And Away We Go!
Mr. Fox takes off in his hot air balloon on a trip to the moon. But… can Elephant come too? Giraffe? Can we bring pizza? What about Squirrel? Before long, the balloon is chock full. Will Mr. Fox make it to the moon? Or will his new group of pals find a more fun destination together? The colourful, classic illustration style and focus on new adventures is a perfect combination, and one that will again make you feel like taking off and learning what lies just beyond the glaring city lights.
My favourite book of 2014 was Emily Gould’s debut novel, Friendship. It had been on my to-read pile for a couple of weeks when a friend forwarded me a July 18th New York Times piece about Gould along with three words: must-read-now. The next week was a flurry of texts and calls to one another (ex. “Have you read to the end of Chapter 5? What do you mean you’re eating? Book first, food second!”) as we read, laughed, and cried at (mostly) the same times. The story of Bev and Amy – two New Yorkers in their early thirties trying to navigate the not-so-perfect arenas of work, love, and friendship as they occur online and in real life – so perfectly captured the deep love shared by old friends and the complications of the heart that arise when two women begin to grow apart. Clever, heartwarming, and genuine, Friendship was the perfect book to share with my best friend (whose name also happens to be Emily).
I was recommended this book by a fellow Raincoaster and a native Russian who heard I have a thing for Russian literature, and this did not disappoint. Melnik tells five interwoven stories that center around characters who share the same Russian hometown as the author herself. Melnik has an elegant writing style that lets you find moments both haunting and beautiful – without being told they are such – and by doing so, she plants them in your mind long after you’re done reading. One story about a mother’s painstaking journey to purchase a rare bundle of bananas for her children still tends to pop up in my mind every time I’m in what feels like a painfully long line at the grocery store.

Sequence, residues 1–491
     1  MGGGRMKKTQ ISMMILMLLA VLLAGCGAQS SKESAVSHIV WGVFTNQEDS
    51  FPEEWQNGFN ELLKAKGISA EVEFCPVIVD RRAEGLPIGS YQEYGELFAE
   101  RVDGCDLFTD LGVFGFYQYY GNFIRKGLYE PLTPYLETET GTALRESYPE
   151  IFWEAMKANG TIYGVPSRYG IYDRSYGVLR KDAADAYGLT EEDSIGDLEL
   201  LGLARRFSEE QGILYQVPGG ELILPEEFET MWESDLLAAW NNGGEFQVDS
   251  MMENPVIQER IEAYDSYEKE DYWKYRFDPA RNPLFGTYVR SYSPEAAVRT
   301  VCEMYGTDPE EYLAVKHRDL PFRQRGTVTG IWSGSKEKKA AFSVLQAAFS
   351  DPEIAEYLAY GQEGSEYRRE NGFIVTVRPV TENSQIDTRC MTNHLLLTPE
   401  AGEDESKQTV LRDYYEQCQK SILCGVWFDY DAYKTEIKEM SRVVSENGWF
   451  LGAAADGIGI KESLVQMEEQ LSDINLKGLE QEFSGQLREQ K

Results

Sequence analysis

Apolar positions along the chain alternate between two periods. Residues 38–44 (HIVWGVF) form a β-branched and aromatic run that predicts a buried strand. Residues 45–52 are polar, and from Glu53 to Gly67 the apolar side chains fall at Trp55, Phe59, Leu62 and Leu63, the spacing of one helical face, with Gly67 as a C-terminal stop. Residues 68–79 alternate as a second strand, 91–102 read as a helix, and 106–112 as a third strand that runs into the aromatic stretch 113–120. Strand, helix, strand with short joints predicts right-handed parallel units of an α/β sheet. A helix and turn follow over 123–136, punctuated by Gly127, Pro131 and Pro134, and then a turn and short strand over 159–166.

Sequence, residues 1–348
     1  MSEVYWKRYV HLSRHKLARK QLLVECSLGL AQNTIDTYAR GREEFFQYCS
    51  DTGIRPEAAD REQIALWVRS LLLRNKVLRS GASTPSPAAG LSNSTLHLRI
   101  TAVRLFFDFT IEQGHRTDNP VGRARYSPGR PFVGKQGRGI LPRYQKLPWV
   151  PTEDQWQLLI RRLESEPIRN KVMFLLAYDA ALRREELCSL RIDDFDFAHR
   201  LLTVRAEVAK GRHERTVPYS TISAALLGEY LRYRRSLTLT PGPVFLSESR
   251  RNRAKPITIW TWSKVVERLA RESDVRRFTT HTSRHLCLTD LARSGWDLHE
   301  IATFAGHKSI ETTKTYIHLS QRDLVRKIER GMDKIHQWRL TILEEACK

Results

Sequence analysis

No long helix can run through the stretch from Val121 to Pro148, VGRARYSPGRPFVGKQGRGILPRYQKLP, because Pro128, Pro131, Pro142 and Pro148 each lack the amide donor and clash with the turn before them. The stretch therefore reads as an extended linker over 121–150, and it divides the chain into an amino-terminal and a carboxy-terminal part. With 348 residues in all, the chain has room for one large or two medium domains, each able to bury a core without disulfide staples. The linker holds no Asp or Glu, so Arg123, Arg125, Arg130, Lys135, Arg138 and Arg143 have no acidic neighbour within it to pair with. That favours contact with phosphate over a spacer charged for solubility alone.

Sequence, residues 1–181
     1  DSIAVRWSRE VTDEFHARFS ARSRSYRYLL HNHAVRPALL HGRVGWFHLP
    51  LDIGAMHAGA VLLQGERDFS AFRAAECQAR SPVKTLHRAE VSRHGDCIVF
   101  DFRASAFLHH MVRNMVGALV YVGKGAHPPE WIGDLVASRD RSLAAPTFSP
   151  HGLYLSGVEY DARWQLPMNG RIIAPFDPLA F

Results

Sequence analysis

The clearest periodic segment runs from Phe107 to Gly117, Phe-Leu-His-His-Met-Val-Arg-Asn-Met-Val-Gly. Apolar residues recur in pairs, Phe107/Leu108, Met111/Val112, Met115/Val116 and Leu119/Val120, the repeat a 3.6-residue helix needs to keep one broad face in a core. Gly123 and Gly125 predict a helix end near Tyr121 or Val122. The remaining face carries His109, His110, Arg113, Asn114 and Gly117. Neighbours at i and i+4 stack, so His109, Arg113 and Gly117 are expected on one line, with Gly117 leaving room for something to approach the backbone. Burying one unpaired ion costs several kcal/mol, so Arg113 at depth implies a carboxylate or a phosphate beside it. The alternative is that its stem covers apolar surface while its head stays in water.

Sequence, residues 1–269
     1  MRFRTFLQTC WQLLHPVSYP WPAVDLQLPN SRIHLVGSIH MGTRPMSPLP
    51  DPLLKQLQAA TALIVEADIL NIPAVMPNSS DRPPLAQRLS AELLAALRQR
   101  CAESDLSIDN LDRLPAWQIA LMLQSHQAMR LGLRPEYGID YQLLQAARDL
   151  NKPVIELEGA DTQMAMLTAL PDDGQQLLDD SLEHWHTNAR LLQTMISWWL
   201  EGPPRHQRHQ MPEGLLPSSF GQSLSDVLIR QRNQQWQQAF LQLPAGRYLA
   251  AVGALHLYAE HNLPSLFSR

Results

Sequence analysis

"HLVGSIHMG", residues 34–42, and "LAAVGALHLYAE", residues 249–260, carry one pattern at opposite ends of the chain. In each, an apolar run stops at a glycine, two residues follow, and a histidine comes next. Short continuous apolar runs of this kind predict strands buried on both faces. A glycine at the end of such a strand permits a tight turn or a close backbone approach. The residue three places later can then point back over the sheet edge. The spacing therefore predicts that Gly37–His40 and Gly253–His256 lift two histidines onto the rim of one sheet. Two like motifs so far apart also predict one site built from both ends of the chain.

As many of my Raincoast coworkers know by now, I love anything and everything Oprah; this book is no exception. A curated selection of her ongoing magazine column, What I Know For Sure is the perfect amount of Oprah’s life lessons, wisdom, and anecdotes, all in small, beautifully-packaged doses.
As a literature major in school, I thought I’d worn myself out of anything and everything pertaining to classic literature. Apparently all it took was publishing a funny blog to knock me back off the wagon. Writer Mallory Ortberg captures famous novels and their characters so well that I often found myself (embarrassingly enough) thinking I was reading texts between old friends, ‘Oh man, that’s classic Jane…’ My favourite were the texts “by” Daisy Buchanan of Great Gatsby fame; the quintessential self-centered brattiness that made you forget she even had a child in the original novel is conveyed perfectly through Daisy’s manipulative texts pestering Nick for a ride home from the Valley of Ashes.
From the author of the well received The Last Telegram, fans were waiting for this next novel.
Caroline Meadows life is taking some unexpected turns, her Mother needs to move into care and so while she is clearing her mother’s attic, she discovers a beautifully crafted quilt and begins a search to find out the origins of this mysterious quilt and who might have stitched it.
1910 and Maria, an extraordinary seamstress, is employed to work for the Royal Family. Maria is young and beautiful, and soon catches the eye of the Prince of Wales. But this connection soon leads to trouble for Maria and her life takes a sudden unexpected turn.
Will Caroline be able to find out about the quilt and discover what happened to Maria?